Crafting Social Media Strategies That Enhance Crisis Communications – Part 2 of 3
This is a part two of the three-part guest blog featuring Chris Syme’s new e-book “Listen, Engage, Respond”. This addresses the important “What doesn’t work” for best practice Social Media strategies – the next will feature on “What does work.”
For a long time, organizations have had one set of social media strategies for business operations and another for crisis communications. The truth is, the right social media strategy will boost business, develop loyal fans, and set the stage for quicker crisis mitigation. In Chris’ new e-book Listen, Engage, Respond, she lays out a strategic social media blueprint that super charges every area of your marketing and communications, in addition to protecting you in a crisis. First, we’ll need to cover the basics.
The Five Models of Social Media Engagement/Loyalty
Why are loyalty models the golden ticket? Because any model that focuses on building loyalty moves your fans and followers from being mere consumers of goods and services to being advocates. I love the way Ant’s Eye View described this in a recent slideshow on the difference between influence and advocacy. The objective is to move your fans from “I like you” to “I love you” to “I defend you”. That’s what we’re shooting for in crisis communications—fans that will come to our defense.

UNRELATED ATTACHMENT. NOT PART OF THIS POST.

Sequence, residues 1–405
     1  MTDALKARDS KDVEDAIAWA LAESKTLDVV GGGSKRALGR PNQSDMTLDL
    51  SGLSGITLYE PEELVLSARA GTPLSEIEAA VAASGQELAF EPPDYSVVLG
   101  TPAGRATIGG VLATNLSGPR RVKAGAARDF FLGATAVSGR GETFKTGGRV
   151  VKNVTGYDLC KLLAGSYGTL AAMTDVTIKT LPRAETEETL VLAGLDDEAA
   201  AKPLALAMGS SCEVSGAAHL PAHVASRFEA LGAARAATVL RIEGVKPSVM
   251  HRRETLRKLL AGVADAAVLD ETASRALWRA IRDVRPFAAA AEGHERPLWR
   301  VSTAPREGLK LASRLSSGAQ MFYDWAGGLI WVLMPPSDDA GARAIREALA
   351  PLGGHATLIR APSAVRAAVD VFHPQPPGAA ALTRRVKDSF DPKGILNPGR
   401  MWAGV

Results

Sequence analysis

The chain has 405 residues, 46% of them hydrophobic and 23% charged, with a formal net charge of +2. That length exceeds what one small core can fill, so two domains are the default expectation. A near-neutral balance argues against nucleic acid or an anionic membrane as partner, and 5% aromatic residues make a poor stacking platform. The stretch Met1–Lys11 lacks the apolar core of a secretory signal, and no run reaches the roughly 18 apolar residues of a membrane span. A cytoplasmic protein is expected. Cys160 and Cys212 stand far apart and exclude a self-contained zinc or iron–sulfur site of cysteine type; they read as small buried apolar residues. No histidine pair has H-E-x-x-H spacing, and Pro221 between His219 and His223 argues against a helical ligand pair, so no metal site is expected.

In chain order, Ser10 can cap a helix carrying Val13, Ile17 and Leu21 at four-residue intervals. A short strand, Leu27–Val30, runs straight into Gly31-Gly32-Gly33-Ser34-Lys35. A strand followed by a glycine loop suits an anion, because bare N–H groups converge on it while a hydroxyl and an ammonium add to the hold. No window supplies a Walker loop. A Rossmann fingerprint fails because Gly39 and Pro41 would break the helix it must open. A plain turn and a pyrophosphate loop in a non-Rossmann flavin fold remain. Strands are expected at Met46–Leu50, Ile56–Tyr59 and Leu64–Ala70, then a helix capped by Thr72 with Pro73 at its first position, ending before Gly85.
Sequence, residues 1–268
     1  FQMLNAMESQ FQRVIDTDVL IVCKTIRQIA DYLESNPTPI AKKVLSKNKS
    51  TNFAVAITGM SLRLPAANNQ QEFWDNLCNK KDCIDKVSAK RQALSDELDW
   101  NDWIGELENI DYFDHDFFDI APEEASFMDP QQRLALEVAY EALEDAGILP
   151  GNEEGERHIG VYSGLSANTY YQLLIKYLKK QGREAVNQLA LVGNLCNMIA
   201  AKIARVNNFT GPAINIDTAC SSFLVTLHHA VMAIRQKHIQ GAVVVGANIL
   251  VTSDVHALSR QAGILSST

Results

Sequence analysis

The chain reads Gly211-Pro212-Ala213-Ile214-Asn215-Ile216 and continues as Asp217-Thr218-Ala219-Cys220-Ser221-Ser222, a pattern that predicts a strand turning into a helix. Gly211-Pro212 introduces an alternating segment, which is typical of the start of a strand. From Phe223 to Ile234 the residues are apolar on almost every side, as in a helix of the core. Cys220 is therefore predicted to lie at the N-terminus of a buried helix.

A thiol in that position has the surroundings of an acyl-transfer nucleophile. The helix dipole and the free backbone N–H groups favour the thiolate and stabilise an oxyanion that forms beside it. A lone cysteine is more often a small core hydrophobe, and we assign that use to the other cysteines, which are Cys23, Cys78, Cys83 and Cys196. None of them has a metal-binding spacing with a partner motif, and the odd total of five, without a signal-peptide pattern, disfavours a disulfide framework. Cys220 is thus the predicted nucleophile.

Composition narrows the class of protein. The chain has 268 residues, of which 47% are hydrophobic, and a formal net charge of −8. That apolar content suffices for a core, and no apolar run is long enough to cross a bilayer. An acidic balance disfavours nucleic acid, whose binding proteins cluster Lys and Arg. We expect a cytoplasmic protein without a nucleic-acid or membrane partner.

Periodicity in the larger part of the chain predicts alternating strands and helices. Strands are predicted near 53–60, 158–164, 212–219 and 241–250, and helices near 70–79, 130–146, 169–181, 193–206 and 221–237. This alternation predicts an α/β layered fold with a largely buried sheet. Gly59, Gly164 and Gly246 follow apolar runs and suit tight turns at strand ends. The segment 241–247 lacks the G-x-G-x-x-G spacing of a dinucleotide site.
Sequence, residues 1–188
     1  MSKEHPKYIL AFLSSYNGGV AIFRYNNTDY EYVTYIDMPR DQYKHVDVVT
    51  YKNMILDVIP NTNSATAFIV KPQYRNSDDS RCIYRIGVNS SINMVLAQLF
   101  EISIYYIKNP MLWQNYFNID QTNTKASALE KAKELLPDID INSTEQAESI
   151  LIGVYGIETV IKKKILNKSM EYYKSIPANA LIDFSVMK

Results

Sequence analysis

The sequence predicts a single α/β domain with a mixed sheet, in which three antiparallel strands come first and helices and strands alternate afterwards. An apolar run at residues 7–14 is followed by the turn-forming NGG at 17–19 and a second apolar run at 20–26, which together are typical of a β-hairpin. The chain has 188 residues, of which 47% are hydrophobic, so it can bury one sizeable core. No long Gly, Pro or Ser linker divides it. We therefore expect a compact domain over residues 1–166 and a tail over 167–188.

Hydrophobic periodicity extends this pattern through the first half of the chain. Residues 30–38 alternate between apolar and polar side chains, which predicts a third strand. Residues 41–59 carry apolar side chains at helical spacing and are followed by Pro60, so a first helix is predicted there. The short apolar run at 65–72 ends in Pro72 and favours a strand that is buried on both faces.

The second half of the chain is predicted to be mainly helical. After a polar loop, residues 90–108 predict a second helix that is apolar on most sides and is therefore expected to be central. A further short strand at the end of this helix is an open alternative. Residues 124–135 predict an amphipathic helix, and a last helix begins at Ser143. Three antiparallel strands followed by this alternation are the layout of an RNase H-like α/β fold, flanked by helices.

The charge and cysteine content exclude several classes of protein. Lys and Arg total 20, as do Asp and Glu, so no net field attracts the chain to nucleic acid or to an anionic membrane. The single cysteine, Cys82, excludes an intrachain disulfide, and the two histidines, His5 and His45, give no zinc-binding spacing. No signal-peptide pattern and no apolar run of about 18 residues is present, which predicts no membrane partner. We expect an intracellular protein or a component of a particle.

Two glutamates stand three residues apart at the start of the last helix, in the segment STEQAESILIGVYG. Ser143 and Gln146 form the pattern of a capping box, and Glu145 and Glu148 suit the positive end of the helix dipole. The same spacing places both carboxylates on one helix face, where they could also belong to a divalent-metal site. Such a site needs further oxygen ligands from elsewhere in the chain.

There are many systems out there for building social media engagement, and the Listen, Engage, Respond system is based on best practices and streamlined for use in crisis communications. We’ll look at them from the least effective strategy to the best. As Chris Syme states, ” I wrote on the details of how to rate each strategy on my blog.”
What Doesn’t Work
The two most widely used social media strategy models actually have little or no value in building loyalty, but have substantial value in building a customer base and selling products. Because of those benefits, and the fact that they are easy to implement, many organizations never go beyond broadcasting and building reach. Both are easy to measure as well.